We created this customer’s problem. By giving lenders access to 5 decimal places worth of data, we had hoped for transparency. Instead, we gave power users a partial, unsatisfactory look into internal processes that left them with questions. The only solution to those questions was to give them yet more information.
Rounding the available data to whole pence would prevent this from happening. Pounds and pence are all the vast majority of our user base care about. But changing the status quo risks angering those edge users who excel at making their voices heard.
Individuals who consume disproportionate amounts of executive time despite their niche use cases are not unusual. My all-time favourite customer exchange was with one honorable gentleman uncontrolled in his indignation that nowhere in our sign-up form’s title dropdown did we list his rank within the British peerage. For this man, ‘Mr’ wasn’t merely a demotion, it was an affront to Her Majesty the Queen.
Did we change our title dropdown to keep a customer? We did not. And, faced with any similar situation, neither should you. As your startup’s growth engine starts to turn in earnest, direct your effort towards the health of your community, not lone, unrepresentative customers.
Identifying who constitutes your community — who to nurture, and who to let fall away — is the first step towards healthy growth that won’t leave your small team struggling to serve the eclectic whims of a noisy minority.
Whatever user research you’ve done previously, I’m sure you’ll have intuitions about what constitutes ‘normal’ behaviour. For Lending Works’ investors, ‘normal’ might be a few thousand pounds, lent out automatically at the highest interest rate and longest term, with only occasional logins to check on investment growth.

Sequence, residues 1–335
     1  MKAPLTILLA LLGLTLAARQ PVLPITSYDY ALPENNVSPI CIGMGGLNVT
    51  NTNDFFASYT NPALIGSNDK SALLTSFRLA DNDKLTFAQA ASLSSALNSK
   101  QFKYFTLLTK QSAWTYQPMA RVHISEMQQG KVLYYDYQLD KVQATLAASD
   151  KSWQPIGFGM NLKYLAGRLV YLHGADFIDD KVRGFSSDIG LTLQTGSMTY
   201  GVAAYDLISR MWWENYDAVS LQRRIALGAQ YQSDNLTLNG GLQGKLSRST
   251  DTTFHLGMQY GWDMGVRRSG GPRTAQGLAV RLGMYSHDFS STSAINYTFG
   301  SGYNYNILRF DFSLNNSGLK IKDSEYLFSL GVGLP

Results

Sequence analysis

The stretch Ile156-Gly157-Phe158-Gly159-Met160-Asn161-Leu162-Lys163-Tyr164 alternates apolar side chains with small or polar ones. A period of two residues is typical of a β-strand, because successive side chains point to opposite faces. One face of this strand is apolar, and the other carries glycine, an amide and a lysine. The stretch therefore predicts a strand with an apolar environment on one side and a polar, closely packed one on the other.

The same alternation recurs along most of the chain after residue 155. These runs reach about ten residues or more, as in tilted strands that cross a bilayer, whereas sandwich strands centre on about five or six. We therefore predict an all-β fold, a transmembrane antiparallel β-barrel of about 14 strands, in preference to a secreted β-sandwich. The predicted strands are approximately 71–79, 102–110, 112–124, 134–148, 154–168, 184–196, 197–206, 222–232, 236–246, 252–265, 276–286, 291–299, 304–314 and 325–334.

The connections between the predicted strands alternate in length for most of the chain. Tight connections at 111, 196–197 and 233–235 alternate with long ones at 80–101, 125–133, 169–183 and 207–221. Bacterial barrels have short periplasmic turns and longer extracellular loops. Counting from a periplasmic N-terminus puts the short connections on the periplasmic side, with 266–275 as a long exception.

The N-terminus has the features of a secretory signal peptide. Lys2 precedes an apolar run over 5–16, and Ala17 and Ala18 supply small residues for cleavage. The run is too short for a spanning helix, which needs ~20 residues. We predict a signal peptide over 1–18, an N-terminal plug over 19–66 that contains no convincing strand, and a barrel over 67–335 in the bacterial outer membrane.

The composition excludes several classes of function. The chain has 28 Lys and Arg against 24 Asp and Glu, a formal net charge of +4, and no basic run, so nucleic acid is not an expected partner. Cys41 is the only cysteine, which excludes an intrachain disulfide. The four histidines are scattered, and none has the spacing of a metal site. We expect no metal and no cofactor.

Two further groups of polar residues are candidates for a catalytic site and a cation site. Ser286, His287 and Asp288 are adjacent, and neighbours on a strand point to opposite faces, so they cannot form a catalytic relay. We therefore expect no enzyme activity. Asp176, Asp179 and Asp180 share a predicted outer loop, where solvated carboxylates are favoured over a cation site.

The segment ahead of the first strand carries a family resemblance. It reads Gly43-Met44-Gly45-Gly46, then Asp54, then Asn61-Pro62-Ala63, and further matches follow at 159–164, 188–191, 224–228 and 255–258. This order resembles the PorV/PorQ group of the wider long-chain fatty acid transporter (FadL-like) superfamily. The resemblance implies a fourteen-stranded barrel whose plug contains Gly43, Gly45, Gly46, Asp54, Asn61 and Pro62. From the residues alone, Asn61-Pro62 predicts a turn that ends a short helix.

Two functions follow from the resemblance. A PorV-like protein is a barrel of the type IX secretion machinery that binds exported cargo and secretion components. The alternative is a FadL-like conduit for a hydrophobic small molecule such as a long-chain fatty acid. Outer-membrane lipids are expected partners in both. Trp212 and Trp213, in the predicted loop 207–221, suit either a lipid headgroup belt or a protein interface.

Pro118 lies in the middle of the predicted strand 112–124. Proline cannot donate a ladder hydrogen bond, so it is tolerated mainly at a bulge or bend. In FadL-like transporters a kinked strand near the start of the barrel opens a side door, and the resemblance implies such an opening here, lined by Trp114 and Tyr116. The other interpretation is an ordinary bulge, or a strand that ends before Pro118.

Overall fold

Validate that intuition. Conduct in situ interviews with a generous sample of your user base, or, if that’s beyond your means, survey an even larger sample. Be careful not to lead your participants. Ask only about their past behaviours, never their future intentions.
Next, size up the portion of your user base who fall outside that set. If a large minority (more than 20%) share a uniformly ‘abnormal’ behaviour, congratulations: that’s true product discovery. Unfortunately, you must now consider how to unify the needs of both those groups. They’re here to stay.
In the more likely event that the minority comprises many fragmented, outlying behaviours, or the uniform minority is small, it’s time to phase them out. It will go against every impulse you possess, but it must be done for you company’s health and your personal sanity.
Doing it is delicate work. Do not rip the plaster off. Do not start disabling features and making grand announcements. RateSetter did this recently, switching off the rate-setting feature for which it’s named on the grounds that just 7% of investors used it. Unfortunately for RateSetter, that 7% were loud and unified in their condemnation of the change. The feature was swiftly re-enabled.
In these situations, gentle deprecation is the only viable approach. Switch off the feature for new users. People are loss-averse, but they don’t miss what they never had.
In the next phase, warn any existing user who voluntarily turns off the feature that they won’t be able to turn it back on. You will, I guarantee, receive a trickle of complaints, but no coordinated front seeking justice.
When the proportion of active users still clinging to the old ways becomes small to the point that any semblance of support is too much to justify, then, and only then, is it time to pull the plug.
As your company prepares to explode, beware the minority needs that start taking most of your time. Grow a healthy community around defined use cases and feature sets, and accept when you need to let the rest down gently.